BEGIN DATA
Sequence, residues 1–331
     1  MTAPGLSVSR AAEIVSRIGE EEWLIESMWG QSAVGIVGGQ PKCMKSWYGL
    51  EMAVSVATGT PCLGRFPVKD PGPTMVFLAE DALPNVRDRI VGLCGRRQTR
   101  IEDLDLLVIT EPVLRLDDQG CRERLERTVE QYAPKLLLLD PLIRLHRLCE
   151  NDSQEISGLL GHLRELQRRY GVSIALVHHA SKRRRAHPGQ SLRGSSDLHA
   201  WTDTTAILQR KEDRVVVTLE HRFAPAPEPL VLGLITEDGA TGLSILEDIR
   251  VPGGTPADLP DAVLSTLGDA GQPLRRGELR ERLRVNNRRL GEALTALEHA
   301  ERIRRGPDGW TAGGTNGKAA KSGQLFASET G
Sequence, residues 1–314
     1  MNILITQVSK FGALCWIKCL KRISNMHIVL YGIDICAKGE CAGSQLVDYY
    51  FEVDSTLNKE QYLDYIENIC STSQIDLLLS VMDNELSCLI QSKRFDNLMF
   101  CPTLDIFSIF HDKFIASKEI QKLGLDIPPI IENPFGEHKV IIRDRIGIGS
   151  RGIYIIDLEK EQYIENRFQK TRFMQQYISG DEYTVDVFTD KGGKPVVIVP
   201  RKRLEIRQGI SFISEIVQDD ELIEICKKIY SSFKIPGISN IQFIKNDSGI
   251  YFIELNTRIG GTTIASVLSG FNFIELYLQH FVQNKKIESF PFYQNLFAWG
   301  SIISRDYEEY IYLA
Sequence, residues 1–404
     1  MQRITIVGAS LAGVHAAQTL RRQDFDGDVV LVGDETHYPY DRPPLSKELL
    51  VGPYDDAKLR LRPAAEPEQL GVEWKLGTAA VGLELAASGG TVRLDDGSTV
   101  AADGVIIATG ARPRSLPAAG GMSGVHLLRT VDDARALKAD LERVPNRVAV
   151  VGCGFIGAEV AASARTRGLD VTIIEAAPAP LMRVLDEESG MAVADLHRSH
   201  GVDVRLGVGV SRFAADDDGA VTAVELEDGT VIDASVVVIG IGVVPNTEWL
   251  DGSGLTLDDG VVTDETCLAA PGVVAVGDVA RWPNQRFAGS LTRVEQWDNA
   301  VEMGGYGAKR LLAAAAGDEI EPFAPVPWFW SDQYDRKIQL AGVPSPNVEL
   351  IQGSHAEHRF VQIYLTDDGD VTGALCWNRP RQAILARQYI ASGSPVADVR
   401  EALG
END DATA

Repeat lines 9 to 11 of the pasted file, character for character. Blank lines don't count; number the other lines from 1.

Sequence, residues 1–314
     1  MNILITQVSK FGALCWIKCL KRISNMHIVL YGIDICAKGE CAGSQLVDYY
    51  FEVDSTLNKE QYLDYIENIC STSQIDLLLS VMDNELSCLI QSKRFDNLMF